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Making Bacon

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21 hours ago, FeChef said:

Why does raw cured bacon have a longer shelf life in the fridge then cured cooked bacon?

 

This is certainly possible, and it's led to many arguments, over many years—I won't argue.

It's 'warmed-over' flavor, which many don't seem to notice, but some of us certainly do!!!

Hence, my preference for true cold smoked bacon.


~Martin :)

"Unsupervised, rebellious, radical agrarian experimenter, minimalist penny-pincher, self-reliant homesteader, and adventurous cook. Crotchety, cantankerous, terse, curmudgeon, non-conformist, and contrarian who questions everything!"

The best thing about a vegetable garden is all the meat you can hunt and trap out of it! 

 

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1 hour ago, gfweb said:

 

But what about the stuff you buy in the supermarket? That's uncooked and smoked, no?

Most of the stuff you buy in the supermarket is smoked and cooked to an internal temp of about 140F or somewhere close in massive ovens. 

 

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9 hours ago, Baron d'Apcher said:

Most of the stuff you buy in the supermarket is smoked and cooked to an internal temp of about 140F or somewhere close in massive ovens. 

 

But the fat is unrendered. Are we talking about different things...canadian vs american bacon?


Edited by gfweb (log)

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There is a lot of fat. Think about cooking duck breasts or prime rib — it can also be fully cooked and have unrendered fat.

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13 hours ago, Baron d'Apcher said:

Who or what says so?  Invariably, bacon is fully cooked during the smoking process, or else it isn't bacon.  Cooked bacon will last a very long time in the fridge.  

Every link i click on after asking google says 4-5 days in the fridge once cooked. I find this odd because i cure beef jerky and it lasts in my fridge for months. I am sure there is some scientific reason , or it's just BS.

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I doubt supermarket bacon is actually smoked in the way artisan bacon is :

 

i.e. Benton's , Fathers , et al.

 

a note from Niman Ranch re their uncured bacon :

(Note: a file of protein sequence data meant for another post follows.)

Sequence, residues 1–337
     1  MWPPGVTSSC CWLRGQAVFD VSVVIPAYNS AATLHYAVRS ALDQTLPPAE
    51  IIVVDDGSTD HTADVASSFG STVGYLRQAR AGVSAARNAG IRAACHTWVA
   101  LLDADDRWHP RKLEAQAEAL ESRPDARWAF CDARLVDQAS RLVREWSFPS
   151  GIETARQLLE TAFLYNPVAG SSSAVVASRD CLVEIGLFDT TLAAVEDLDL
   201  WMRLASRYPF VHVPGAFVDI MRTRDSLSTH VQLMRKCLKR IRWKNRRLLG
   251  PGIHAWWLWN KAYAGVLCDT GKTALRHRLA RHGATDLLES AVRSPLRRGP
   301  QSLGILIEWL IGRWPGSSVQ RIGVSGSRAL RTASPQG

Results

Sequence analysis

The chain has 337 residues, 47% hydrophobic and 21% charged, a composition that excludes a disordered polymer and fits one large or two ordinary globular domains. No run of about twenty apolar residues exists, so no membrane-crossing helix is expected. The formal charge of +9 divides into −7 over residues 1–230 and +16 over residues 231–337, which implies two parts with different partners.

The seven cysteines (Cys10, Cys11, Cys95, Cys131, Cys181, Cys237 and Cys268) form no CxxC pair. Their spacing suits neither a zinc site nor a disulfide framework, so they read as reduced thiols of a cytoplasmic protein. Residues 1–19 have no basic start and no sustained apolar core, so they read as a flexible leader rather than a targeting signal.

note the ref to liquid smoke.

 

it takes tie to naturally smoke bacon

 

and tome is money to AgraCon.


Edited by rotuts (log)

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OK. So I tested bacon at 140F to see if fat renders.

Materials- BSO, Hatfield smoked bacon, laser IR thermometer

Method - Heat at 140F for 20 min taking bacon surface temp at 0, 20 and then after bacon was returned to the fridge and cooled to 40F

 

Before

004.thumb.jpg.1c9f8ab293c185d39de60c8825f99a31.jpg

 

After 20 min. bacon temp was 138F. Note how both ends of the bacon have clarified a bit. No fat was rendered into the pan though

006.thumb.jpg.2292a5fb8270b72b5f8713a15d6b08bd.jpg

 

After 20 min in the fridge, temp was 41 F.  The fat has firmed up and is pretty white but not quite back to the preheated appearance

007.thumb.jpg.bc9bfab211d4e906382093f1437551d1.jpg

 

So what the the @Baron d'Apcher

 


Edited by gfweb (log)

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says is certainly possible. Maybe its 138 instead of 140, but whatever.

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16 hours ago, gfweb said:

But the fat is unrendered. Are we talking about different things...canadian vs american bacon?

 

I am not sure what the experiment is, but hard fat (back fat) will not render at 140F.  Soft fat (leaf lard) will.  And a thin slice of bacon acts much differently than a full slab of whole belly.

When shoulders are smoked for a very long time on the cusp of 180F, much of the hard fat is still there, albeit it very tender.

Thinly sliced hard fat will render at higher temp, like in a 350F over or hot frying pan.